“Lower mortgage rates have enabled Canada’s key housing markets to defy gravity for the past few years,” said economist David Madani in a recent National Post article. “But with prices rising dangerously high relative to household incomes, there is the potential for a large correction down the road.
“The Vancouver and Toronto housing markets appear to be enjoying a revival of late, in contrast to most other markets in Canada. But with labour market conditions set to deteriorate this year and market bond yields expected to climb over the longer-term, they won’t defy gravity for much longer.”
With oil prices pushing the economy to the brink of a recession and Calgary currently undergoing housing corrections, according to the latest figures, Madani believes that house prices have been separated from household incomes and rents. In his assessment of the market, he reckons average mortgage payments based on the latest five-year fixed rate will take 64% per cent of household income in Vancouver and 40% in Toronto.
“Although mortgage rates have been declining for the past few years and could dip lower should the Bank of Canada cut rates further, we expect this trend to reverse as market forces push Canadian bond yields higher over the next few years,” he was quoted as saying in the Post. “Under these circumstances, we expect house prices to fall.”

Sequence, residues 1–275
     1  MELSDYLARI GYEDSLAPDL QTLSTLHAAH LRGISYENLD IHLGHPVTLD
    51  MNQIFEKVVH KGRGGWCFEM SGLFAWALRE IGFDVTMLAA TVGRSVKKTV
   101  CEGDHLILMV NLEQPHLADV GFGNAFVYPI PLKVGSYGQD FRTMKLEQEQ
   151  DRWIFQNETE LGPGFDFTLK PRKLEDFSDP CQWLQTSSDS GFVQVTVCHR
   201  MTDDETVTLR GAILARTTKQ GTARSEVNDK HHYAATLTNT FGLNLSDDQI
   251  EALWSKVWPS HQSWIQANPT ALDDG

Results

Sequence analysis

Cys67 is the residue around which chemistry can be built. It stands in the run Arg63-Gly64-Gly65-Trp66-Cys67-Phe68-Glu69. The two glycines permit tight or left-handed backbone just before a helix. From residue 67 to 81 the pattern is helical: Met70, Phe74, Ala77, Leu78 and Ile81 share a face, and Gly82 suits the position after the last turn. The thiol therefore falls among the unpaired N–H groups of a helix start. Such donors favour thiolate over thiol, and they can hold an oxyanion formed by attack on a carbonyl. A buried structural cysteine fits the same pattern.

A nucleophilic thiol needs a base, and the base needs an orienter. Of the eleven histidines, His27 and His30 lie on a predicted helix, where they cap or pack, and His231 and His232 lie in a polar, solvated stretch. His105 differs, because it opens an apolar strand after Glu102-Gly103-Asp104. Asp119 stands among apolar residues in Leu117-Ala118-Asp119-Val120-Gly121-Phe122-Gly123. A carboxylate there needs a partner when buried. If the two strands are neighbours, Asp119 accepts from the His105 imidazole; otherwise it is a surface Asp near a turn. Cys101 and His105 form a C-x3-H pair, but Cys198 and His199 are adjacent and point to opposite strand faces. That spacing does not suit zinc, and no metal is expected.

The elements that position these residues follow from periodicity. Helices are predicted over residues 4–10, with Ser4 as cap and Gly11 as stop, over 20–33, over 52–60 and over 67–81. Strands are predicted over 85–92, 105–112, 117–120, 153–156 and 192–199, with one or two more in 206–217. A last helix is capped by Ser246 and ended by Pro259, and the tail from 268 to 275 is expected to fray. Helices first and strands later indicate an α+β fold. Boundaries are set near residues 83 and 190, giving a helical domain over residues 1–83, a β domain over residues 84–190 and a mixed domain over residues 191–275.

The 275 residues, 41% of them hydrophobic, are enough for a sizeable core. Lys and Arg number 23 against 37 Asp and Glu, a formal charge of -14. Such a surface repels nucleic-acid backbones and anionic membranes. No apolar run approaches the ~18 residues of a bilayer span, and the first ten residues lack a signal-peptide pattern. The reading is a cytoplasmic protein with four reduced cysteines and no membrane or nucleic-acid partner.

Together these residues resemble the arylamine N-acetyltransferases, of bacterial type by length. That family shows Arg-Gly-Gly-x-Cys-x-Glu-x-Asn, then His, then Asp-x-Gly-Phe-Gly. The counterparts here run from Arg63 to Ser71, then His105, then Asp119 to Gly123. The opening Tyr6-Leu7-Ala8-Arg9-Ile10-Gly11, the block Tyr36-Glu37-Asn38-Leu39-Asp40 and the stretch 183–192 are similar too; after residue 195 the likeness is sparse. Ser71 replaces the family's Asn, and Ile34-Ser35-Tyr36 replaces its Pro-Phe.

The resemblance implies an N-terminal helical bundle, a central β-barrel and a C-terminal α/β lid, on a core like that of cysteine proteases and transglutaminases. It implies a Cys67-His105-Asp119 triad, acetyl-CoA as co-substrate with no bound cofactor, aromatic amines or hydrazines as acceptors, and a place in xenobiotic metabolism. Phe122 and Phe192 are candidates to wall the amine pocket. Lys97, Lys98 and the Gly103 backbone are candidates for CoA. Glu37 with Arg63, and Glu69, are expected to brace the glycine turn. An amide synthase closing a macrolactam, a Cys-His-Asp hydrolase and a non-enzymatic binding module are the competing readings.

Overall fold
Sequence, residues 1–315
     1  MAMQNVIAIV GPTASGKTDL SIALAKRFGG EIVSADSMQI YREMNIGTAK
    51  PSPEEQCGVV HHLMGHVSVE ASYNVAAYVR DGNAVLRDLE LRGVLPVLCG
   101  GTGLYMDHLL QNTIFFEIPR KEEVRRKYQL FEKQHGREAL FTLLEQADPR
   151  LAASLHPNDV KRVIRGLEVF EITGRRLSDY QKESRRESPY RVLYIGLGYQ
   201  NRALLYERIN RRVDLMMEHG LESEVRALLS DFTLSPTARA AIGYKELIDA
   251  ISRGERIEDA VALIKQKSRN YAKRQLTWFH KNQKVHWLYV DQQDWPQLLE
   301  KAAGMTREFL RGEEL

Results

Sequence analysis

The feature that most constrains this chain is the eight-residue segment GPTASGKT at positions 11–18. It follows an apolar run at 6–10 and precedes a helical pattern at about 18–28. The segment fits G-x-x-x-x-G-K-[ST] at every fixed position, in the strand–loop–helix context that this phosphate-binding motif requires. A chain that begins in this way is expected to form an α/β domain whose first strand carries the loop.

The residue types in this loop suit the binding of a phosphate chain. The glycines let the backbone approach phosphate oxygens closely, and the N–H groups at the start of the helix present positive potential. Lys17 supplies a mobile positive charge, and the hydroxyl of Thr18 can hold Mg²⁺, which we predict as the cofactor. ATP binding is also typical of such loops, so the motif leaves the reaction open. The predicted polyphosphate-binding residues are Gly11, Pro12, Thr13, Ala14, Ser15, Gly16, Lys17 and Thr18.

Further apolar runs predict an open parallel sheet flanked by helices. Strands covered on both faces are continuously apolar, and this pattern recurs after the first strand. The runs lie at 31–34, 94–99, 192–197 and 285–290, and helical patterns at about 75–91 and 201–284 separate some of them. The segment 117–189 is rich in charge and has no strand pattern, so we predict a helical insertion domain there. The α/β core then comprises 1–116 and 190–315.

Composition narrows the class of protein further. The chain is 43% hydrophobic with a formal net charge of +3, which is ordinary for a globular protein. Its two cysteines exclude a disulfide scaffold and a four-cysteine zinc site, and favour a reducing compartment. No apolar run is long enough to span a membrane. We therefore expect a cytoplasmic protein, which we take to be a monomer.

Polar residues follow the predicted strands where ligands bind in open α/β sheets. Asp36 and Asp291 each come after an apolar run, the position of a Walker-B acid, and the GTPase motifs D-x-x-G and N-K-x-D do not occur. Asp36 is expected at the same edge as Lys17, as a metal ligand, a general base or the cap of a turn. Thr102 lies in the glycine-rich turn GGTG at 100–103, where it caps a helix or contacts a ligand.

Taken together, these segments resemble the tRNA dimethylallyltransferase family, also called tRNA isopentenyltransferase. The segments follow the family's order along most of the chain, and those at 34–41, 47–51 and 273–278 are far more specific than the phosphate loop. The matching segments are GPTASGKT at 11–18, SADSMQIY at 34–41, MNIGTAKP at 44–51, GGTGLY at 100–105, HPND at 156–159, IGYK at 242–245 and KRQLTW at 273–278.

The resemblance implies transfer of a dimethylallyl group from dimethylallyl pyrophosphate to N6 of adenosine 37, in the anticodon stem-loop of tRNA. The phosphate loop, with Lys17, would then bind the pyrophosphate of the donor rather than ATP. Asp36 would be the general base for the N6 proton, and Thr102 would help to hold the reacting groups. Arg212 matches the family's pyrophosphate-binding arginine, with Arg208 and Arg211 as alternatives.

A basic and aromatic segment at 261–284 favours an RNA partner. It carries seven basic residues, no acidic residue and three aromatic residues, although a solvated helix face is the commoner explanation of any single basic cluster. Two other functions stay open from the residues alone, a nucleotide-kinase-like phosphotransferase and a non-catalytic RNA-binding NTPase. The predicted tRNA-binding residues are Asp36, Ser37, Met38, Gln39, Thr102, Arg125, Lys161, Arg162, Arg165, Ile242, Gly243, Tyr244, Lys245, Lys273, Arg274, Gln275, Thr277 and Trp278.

For months, analysts have been speculating on how much the housing market will be affected by oil prices and interest-rate cuts as a weak economic picture has affected home prices and sales across the country. But at the agent level, it’s not all bad.
“The market is stable,” Akbar Nimji, a real estate agent with Re/Max in Calgary, told CREW. “New immigrants definitely bring vitality to the real estate industry and we’re seeing the low to mid-range markets remain almost completely unaffected. In fact, there are still multiple offers on these types of homes.
“These oil prices have had an impact, but certainly don’t control our economy. Overall, (the talk) just keeps the real estate professionals on their toes, and forces us to adjust and develop our skills constantly to serve the predominant marketplace."
Record low oil prices have re-ignited housing correction talk, and the latest alarm bell comes from an analyst at Capital Economics who cites a 30% overvaluation in Canada’s two most expensive cities.